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The Apple Tree Market, located at at 4949 Santa Monica Avenue in Ocean Beach, was recently given a “failed inspection” notice to post in their window — as required by county law — after being cited for overcharging for a scanned item.

In an interview with deputy commissioner Jim Byers from the county Department of Agriculture, Weights and Measures, he said the notice was posted in response to a routine inspection of the market in March of this year.

The county routinely sends inspectors to investigate businesses. Since there are only four inspectors for all of San Diego County, each business is visited approximately once every three and a half years. Sometimes it is spurred by a consumer complaint.

According to Byers, 300–400 complaints are registered by consumers each year in San Diego County. Each complaint must be investigated, and each inspector that is sent out on that complaint or on their own routine inspection needs to witness the infraction themselves in order to cite the business owner.

During a routine inspection of the Apple Tree Market on March 28 of this year, an inspector was overcharged and the notice was served. The guidelines for determining an infraction are: one item needs to be over $1 and then overcharged, or two items need to be under $1 and be overcharged.

Byers stated that it is not usually purposeful for a business owner to overcharge a customer, but it can happen when prices are not changed in the scanner after a sale. He said that bigger stores, such as Walmart, have price coordinators checking stock prices all the time. (Yet, it was noted on the county's website that Walmart was being cited for these issues.)

In the case of low-ticket items such as the one at the Apple Tree, a $100 fine is issued, followed up by a hearing (which occurred in July of this year for Apple Tree management). The owner is then required to post the citation for ten days in their window.

According to Retailinsite.net, the Apple Tree (which started out as a bowling alley) is up for lease.

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Gail Powell Oct. 23, 2012 @ 1:59 p.m.

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Javajoe25 Oct. 23, 2012 @ 8:38 p.m.

...each business is visited approximately once every three and a half years.

This is a joke. These businesses should be visited much more often. I have personally caught each of the three biggies: Ralph's, Albertson's, and Vons, overcharging for shelf items routinely.

I went through it with the local manager and corporate headquarters of Ralph's because the company was sending me $1 off coupons, but when I used them at the "self check-out," the discount was only 50 cents. I asked the manager what the deal was and he said, "We don't control the computers."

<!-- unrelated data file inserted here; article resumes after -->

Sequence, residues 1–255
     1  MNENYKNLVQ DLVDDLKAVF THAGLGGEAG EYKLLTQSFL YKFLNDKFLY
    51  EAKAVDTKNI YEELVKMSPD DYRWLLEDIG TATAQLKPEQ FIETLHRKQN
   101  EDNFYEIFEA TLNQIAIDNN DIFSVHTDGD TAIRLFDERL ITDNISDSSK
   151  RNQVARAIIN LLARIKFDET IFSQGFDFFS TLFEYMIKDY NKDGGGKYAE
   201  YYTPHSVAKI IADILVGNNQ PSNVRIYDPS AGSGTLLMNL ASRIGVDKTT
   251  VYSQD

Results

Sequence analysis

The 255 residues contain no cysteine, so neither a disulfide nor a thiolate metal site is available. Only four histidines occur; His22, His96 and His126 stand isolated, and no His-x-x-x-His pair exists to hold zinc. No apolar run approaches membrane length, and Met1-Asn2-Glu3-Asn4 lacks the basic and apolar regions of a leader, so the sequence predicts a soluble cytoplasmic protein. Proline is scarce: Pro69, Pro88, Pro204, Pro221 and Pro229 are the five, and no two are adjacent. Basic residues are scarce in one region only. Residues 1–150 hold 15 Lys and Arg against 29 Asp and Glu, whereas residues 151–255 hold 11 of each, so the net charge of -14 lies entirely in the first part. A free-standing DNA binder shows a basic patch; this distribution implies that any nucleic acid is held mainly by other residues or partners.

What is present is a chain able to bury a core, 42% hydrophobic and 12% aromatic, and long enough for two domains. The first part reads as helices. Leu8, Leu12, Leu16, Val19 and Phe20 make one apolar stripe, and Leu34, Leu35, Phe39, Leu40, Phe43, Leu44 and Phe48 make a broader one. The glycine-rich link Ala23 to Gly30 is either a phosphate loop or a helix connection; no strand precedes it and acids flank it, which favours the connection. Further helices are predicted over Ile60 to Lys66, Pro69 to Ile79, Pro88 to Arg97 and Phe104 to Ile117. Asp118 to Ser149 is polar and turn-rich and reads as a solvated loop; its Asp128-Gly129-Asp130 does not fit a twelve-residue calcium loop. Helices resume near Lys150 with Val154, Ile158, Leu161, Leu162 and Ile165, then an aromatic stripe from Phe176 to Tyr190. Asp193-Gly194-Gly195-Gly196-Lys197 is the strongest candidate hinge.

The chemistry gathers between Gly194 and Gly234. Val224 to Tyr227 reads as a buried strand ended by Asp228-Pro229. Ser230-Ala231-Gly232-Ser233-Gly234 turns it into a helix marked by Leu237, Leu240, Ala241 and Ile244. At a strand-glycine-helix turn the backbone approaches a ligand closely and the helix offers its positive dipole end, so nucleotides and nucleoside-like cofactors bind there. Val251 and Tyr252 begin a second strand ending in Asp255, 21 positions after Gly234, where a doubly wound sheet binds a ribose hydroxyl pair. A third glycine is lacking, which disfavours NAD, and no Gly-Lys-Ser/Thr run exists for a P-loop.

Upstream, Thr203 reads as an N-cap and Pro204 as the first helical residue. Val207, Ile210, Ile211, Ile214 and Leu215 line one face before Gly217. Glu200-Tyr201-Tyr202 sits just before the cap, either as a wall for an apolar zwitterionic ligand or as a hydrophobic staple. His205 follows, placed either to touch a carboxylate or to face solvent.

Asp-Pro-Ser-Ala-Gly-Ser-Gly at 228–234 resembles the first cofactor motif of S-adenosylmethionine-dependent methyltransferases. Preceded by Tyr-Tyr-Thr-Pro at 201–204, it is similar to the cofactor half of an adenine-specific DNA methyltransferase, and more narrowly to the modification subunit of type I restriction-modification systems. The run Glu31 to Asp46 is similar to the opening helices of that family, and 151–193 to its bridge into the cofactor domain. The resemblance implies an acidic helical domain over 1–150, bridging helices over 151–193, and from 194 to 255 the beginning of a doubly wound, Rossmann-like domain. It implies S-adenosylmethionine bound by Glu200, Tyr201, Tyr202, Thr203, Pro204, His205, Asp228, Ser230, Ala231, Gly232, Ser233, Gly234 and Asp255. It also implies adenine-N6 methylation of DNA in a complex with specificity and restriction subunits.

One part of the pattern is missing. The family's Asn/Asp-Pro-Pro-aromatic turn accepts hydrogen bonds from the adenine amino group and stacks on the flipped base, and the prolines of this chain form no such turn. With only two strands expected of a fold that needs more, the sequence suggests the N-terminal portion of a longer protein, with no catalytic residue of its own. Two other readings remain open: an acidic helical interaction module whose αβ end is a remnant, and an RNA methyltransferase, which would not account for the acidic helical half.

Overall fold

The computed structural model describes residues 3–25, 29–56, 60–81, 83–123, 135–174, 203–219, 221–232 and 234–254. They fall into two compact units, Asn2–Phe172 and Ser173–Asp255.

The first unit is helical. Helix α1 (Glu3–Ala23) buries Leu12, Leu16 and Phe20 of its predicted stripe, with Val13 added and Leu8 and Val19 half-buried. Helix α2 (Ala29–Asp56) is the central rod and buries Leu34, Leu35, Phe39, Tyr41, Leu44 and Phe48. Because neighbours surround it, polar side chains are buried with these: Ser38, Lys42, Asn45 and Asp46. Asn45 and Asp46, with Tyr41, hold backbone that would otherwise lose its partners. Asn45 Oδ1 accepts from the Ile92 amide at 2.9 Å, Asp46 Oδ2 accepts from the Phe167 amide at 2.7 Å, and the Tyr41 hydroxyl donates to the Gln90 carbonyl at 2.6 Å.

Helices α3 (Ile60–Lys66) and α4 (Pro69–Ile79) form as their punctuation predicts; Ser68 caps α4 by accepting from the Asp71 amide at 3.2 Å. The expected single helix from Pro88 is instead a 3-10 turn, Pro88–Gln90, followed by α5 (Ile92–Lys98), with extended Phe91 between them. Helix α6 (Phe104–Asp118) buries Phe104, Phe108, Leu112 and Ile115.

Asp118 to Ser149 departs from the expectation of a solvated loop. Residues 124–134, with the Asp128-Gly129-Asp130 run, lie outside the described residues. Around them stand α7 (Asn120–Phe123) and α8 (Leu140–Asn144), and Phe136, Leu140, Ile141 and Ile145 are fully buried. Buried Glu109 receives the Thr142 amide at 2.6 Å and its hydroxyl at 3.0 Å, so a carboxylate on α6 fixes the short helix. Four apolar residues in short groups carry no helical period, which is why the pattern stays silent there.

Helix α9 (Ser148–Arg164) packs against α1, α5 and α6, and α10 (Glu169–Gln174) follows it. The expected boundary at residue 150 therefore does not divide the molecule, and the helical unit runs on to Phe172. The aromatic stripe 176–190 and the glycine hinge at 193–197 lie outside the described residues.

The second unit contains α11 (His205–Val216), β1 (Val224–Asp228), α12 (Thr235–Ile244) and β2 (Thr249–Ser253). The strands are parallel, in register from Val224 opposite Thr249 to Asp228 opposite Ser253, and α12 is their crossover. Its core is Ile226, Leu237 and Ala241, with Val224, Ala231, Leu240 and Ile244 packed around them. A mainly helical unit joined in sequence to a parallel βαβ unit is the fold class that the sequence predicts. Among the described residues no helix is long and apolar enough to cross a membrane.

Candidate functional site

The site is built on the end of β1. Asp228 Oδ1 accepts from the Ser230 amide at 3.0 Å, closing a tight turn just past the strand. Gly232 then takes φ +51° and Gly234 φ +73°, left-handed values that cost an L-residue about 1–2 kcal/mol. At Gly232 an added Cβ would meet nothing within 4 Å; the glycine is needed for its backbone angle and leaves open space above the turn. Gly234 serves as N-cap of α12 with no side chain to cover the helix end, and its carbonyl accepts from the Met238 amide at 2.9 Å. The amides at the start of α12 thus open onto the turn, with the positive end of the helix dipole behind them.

On other occasions I stopped the cashier when I saw a product scanned at a higher price than what was posted. They are always apologetic and correct it, but only because I caught it.

I contacted corporate headquarters and they played dumb so I filed a complaint with the BBB and one of the consumer complaint agencies and all I got for it was my Ralph's Rewards card was zapped so I don't earn any points anymore, which I was using for a dime off on gas when I have to fill up at Shell. Shouldn't be patronizing these bozos anyway.

I see now I should have contacted the Weights & Measure folks, and if there is a next time I will.

But if you check your register receipts carefully, I can almost guarantee you will find them overcharging on a regular basis. They always play dumb and act as if it is a complete surprise, but it happens so often, I can't believe it isn't intentional. I'm certainly not surprised at all anymore.

I haven't shopped at Apple, but Sprouts has quality issues too. Oftentimes their fruit is dry and tasteless, and I have been pointing out for months that their Brazil nuts in the mixed nuts are rancid, but they just keep selling them. Those barrels of nuts too, are never changed and unless they sell quickly, they sit there for months.

Ever since I read "The Omnivore's Dilemma" I don't know where to shop anymore. Turns out, they are all ( and I mean Whole Foods, Trader Joes, and the whole "healthy alternative" group) are all full of shizzizle.


Demarion Nov. 14, 2012 @ 9:47 p.m.

Well, it might be a great dilemma for them, but overcharging is a serious crime to face for.


Demarion Nov. 14, 2012 @ 9:48 p.m.

Typically, overcharging is a pain in the rear that consumers have to endure because that's the way America's form of capitalism works, though in some ways, it's a criminal offense. A number of suits over Safeway overcharging customers have been submitted and the chain is said to still be doing the work. Read more here


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